51. Then Dynamic Content
    For each / Current Item
  52. Then type: , 'trackName',
    And choose Dynamic Content again
    Variables / trackName
  53. If you did everything correctly, the formula should state:
    addProperty(items('For_each'), 'trackName', variables('trackName'))

    That means we want to:
    Add Property to current item of For each
    Property name is ‘trackName’
    And property value is a variable from the beginning of the flow
  54. Rename the Compose 2 step to: “Add trackName”
  55. Let’s create the Cosmos DB step again
    But this time, select output from step: “Add trackName”
  56. We need to add one more parameter
    Click on Add new parameter
    And select Partition key value
  57. For the value put
    Variables / trackName
    And add ” around the param (see screenshot below)
  58. Whole Create or update document step should look like:
  59. Let’s run it again.
    It still won’t work, but we are close 🙂
  60. This time the error is
    "The input content is invalid because the required properties - 'id; ' - are missing"
    Progress!
  61. We need to add the id property to the current object (int the same way we have addted trackName)
  62. We will add new variable just before the For each step
  63. Add Action: Built-in / Variables / Initialize variable
    * Name: PlacemarkIndex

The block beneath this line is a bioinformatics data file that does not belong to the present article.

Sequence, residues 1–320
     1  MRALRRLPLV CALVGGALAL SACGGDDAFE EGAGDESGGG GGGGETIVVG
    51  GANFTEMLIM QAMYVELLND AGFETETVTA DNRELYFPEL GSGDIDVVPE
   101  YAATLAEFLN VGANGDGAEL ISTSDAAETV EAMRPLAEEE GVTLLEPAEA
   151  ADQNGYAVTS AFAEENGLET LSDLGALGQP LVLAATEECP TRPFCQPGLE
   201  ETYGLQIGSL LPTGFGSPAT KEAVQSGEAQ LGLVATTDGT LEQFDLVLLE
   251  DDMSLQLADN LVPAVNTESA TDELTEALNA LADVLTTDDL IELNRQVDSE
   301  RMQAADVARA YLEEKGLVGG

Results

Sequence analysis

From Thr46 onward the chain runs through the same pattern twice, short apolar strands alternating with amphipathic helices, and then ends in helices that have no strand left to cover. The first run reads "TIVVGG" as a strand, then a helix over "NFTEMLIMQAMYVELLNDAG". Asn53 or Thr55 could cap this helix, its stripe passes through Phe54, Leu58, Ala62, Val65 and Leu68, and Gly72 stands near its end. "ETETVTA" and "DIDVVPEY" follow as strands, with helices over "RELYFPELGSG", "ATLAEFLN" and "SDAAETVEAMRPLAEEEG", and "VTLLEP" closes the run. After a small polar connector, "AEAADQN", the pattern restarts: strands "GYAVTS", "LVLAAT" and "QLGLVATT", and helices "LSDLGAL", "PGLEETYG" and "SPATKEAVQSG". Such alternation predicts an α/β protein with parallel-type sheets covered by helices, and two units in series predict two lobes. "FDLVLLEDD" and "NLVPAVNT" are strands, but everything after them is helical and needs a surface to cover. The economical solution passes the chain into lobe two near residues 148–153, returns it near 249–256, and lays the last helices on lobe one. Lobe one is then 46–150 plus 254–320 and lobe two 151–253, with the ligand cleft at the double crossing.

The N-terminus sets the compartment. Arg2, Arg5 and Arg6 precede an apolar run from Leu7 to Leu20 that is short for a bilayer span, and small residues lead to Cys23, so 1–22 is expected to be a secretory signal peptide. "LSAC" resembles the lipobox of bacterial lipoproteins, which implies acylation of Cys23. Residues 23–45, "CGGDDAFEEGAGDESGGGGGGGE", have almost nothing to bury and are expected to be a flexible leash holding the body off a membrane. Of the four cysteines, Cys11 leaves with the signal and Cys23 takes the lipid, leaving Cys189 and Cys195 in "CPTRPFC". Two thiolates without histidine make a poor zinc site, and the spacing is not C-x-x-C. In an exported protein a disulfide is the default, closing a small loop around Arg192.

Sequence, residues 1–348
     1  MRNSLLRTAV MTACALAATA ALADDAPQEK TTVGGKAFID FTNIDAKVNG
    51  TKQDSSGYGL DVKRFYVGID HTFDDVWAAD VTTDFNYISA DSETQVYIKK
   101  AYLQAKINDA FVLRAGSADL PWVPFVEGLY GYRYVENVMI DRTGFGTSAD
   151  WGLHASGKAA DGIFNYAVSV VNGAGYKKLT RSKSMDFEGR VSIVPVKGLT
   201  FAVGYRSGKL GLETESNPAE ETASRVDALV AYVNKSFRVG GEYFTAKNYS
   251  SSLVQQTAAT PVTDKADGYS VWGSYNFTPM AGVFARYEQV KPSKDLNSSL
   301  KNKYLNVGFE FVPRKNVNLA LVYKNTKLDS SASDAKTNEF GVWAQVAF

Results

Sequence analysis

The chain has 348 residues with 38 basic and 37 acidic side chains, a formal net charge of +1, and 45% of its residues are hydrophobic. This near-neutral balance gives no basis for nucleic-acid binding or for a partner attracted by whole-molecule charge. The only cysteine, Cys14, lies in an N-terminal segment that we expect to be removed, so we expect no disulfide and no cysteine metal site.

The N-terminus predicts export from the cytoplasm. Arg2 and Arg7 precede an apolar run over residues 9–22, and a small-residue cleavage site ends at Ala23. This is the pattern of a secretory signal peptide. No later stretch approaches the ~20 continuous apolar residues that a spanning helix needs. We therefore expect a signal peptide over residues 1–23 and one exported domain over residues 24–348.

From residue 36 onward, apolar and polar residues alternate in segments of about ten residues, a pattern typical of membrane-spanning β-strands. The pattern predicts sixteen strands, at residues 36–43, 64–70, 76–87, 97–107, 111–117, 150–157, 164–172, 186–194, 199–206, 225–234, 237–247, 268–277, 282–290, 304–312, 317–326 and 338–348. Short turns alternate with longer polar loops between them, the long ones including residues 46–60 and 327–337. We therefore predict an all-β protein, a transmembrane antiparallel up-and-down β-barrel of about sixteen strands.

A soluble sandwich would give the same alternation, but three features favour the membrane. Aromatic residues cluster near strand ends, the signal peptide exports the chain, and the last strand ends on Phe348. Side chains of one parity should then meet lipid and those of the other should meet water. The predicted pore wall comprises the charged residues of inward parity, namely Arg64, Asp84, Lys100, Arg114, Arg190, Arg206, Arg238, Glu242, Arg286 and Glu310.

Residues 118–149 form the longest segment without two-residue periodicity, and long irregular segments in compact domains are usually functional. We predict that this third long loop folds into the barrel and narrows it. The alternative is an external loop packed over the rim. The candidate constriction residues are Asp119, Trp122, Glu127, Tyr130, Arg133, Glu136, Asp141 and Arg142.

* Type: Integer
    * Value: 0
  64. In For each we will increment the PlacemarkIndex
    After Add trackName step,
    Add Action: Built-in / Variables / Increment variable
    * Name: select PlacemarkIndex
    * Value: 1
  65. We need to add another
    Built-in / Data Operations / Compose
    * Add it below Increment variable
    * Click on Expression addProperty()
    * Dynamic content: Add trackName / Outputs

  66. Like last time, type ,'id',
    Now comes the tricky part. our variable PlacemarkIndex is type of Integer, and we need String. So, let’s convert.
    Clieck on Expression, and click on string()
  67. Then switch back to Dynamic content
    Click on: Variables / PlacemarkIndex
  68. If all is done correctly, the Compose 2 step should look like this:
    addProperty(outputs('Add_trackName'),'id',string(variables('PlacemarkIndex')))
  69. We need to modify the Create or update document step to take output of Compose 2 step
  70. Let’s modify the Cosmos DB step, to allow it to modify existing data
    Click on Add new parameter

    And set it to: yes
  71. One last step is left
    We need to make sure that For each doesn’t run in parallel (because of PlacemarkIndex)
    Got to For each settings
  72. Set
    * Concurrency Control: On
    * Degree of Parallelism: 1
  73. Save it, and let’s Run ▶
  74. It should be a Success ✔
    If there is an error in one of the steps, take a look what the error message is, and try to resolve.

Database

In Azure portal, you can take a look at your data, in Cosmos DB. Open Data Explorer and enjoy 🙂

Final Result

Here is how whole application looks like:

Next Steps

Now that we have data in the DB, it is time to visualize it.
Head over to:
Power BI – Map Control